Higher learning

Squaw Valley Institute aims to bring brains to the beauty

“We have to work on a cultural, artistic place to live,” says Renee Koijane, executive director of Squaw Valley Institute.

“We have to work on a cultural, artistic place to live,” says Renee Koijane, executive director of Squaw Valley Institute.

Photo By Allison Young

For more information on Squaw Valley Institute events and times go to www.squawvalleyinstitute.org or call (530) 581-4138.

When people think of Lake Tahoe, they might think of skiing the powder, hiking the Tahoe Rim Trail, or dipping their paddle into the lake’s deep blue waters. In the winter, locals dash out before work for a skate ski at Tahoe Cross-Country Ski Area, while in the summer early mornings are spent carving turns on Tahoe’s classy calm waters on a water ski or wakeboard. For many who live in Tahoe, outdoor recreation is the primary focus of life, but Tahoe folks also crave a bit of intellectual stimulation. Over the past few years, one important place they go to for their regular dose of brain development is the Squaw Valley Institute, which brings world class speakers and events to the North Tahoe-Truckee community.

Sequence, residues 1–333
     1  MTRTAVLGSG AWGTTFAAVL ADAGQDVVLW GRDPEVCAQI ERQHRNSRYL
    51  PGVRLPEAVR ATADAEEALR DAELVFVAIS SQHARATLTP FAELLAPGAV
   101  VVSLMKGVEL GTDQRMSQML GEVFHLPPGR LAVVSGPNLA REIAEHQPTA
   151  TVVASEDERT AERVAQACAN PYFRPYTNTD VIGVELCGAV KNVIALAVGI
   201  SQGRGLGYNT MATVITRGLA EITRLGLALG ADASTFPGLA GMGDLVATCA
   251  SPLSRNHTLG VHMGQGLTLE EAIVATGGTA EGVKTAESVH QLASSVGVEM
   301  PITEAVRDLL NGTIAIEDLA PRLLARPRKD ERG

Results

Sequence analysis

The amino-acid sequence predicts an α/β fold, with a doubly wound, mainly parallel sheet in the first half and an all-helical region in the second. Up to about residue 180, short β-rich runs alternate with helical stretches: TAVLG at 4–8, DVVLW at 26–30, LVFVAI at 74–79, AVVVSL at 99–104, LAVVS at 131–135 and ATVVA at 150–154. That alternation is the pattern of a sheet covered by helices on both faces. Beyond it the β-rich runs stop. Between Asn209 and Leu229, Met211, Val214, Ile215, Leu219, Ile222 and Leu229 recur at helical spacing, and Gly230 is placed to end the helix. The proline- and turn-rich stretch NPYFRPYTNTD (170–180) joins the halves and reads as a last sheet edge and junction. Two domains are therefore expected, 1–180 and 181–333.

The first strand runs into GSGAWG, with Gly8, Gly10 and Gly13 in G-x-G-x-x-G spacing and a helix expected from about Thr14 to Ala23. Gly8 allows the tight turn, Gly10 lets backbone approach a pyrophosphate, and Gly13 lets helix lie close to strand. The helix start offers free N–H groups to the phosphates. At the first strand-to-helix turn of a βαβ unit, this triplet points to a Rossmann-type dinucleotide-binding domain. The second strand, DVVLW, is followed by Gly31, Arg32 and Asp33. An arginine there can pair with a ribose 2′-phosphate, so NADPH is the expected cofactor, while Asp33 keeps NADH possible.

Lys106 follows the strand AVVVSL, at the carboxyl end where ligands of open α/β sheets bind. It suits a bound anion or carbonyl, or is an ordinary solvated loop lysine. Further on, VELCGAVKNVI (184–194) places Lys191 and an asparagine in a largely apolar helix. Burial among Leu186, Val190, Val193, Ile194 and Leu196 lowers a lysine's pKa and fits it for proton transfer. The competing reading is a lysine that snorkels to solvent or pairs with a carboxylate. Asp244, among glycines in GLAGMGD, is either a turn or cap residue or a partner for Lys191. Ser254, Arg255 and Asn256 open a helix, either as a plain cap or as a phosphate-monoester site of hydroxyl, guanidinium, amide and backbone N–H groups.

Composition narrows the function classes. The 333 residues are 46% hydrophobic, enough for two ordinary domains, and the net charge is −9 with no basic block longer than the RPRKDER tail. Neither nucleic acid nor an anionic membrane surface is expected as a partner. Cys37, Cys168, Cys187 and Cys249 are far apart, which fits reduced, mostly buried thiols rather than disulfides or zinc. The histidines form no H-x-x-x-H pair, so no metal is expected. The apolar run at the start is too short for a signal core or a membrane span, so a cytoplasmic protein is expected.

Squaw Valley Institute executive director Renee Koijane, who became the director about a year ago, says her goals for SVI are to “bring in people that are not accessible here otherwise. I want to make it something our community holds precious and dear. A place to keep on learning, exploring and discovering.” One recent event presented by Squaw Valley Institute was surfer Bethany Hamilton. She was the teenage girl from Hawaii depicted in the movie Soul Surfer, who returned to competitive surfing after her arm was bitten off by a shark. Also presenting at SVI in the past year were: Cheryl Strayed, whose raw memoir about her hiking the Pacific Crest Trail became an Oprah pick and New York Times bestseller; Pulitzer Prize winning financial author Gretchen Morgenson; and most recently, Joel Gallatin, small farm guru extraordinaire and a star of Michael Pollan’s best selling book, The Omnivore’s Dilemma.

As the packed house for Strayed’s event proved, when the Squaw Valley Institute brings fascinating speakers to Squaw Valley, the people will come. That seems to especially be the case if the speaker is also connected to our outdoor oriented proclivities such as hiking or skiing. For example, while Strayed’s bestseller was to a great extent about a woman trying to fix her broken life, the fact that she did so by hiking the Pacific Crest Trail, section of which is just a few miles above Squaw Valley, certainly helped bring in the crowds.

“We would like to make the Squaw Valley Institute more relevant and special for all generations and a multitude of demographics in the Tahoe Region,” says Koijane. “We want to reach out to more families, bring in more relevant topics for the community.” While Tahoe will continue to be known for the beauty of it’s natural surroundings, Koijane believes, “We have to work on a cultural, artistic place to live as well. My hope is SVI can meet that challenge.”